Edgar Award Winner Julie Smith is a great way to start the week off right. Funny and witty, with a clever, outspoken characters, her cozy mysteries show an Agatha Christie-like capacity for making much ado about clues, concocting straw hypotheses, and surprising us, in the end.

Death Turns A Trick : A Romantic and Humorous San Francisco Cozy (Rebecca Schwartz Mystery Series Book 1) (The Rebecca Schwartz Series)
Julie Smith
4.2 Stars (64 Reviews)
Genre: Mystery, Thriller & Suspense

The FIRST book in the Rebecca Schwartz mystery series by Edgar Award Winner Julie Smith.


“A lively romp of a novel … Smith shows an Agatha Christie-like capacity for making much ado about clues, concocting straw hypotheses, and surprising us, in the end … Smith’s crisp storytelling … and her likable, unpredictable heroine will make readers look forward to more.” -San Francisco Chronicle

Rebecca Schwartz, nice Jewish lawyer with a few too many fantasies, is happily playing the piano in a whorehouse when she suddenly finds herself assigned to make sure a near-naked state senator escapes a police raid. That dirty job done, a lovely evening turns even more delightful when she’s picked up by the cops and spends the next two hours at the Hall of Justice. Could this day get any worse? Of Course! Guess who arrives home to find a dead hooker on her living room floor!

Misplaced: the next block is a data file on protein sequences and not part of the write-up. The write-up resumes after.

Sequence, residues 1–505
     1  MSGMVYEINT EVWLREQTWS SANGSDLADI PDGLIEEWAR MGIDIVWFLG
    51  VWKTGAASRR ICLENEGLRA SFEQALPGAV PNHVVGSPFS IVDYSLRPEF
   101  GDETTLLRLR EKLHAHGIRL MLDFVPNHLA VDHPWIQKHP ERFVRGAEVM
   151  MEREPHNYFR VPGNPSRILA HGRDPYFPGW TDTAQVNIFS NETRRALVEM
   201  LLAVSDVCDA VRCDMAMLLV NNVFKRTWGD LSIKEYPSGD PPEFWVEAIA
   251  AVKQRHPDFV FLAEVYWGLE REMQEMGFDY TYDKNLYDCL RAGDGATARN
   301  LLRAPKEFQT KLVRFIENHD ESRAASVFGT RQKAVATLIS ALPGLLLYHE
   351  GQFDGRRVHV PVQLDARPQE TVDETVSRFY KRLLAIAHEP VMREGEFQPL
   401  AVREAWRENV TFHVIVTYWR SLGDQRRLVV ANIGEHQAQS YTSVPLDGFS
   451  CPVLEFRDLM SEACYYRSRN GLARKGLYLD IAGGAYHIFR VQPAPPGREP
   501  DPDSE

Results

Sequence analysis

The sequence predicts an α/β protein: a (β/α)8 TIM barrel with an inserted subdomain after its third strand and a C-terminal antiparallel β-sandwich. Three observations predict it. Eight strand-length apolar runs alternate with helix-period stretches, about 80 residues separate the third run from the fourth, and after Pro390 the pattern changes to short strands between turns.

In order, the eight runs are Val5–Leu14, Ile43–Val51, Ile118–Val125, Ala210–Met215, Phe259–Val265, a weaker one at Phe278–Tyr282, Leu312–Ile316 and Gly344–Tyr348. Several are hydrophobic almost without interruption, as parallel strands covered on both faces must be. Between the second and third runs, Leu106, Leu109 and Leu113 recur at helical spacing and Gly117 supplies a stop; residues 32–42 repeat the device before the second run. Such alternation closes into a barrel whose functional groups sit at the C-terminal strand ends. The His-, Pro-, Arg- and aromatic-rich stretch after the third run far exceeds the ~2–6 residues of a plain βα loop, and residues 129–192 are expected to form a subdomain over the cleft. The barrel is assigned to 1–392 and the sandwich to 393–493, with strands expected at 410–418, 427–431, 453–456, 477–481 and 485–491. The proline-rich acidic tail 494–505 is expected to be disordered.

Handsome Parker Phillips, Rebecca’s new beau and the most attractive man she’s met in ages, is arrested for the murder. (Worse, she suspects he might actually have done it.)

On the plus side, another very attractive man is following the case–reporter Rob Burns of the San Francisco Chronicle, a possible ally. And there are other possibilities.


Basically, I am the kind of girl that mothers wish their sons would marry. But nobody’s son did, and anyway I couldn’t be bothered. I was too busy living up to my father’s ambition for me. Or what I imagined it to be. He always said, “Be a doctor, Rebecca. There’s no money in law,” but anybody could see he was joking. When I was a little girl, he used to take me to watch him in court, and when I was a teenager, he’d discuss his cases with me. What did I know from doctors? I had a lawyer for a role model.

Now if you had led this kind of life and someone came along and said, “Listen, how would you like to play the piano in a whorehouse for just one night—you’ll be among friends; nothing can happen,” wouldn’t you do it? Especially if it were a feminist bordello? It wouldn’t have to be a case of getting back at your mom.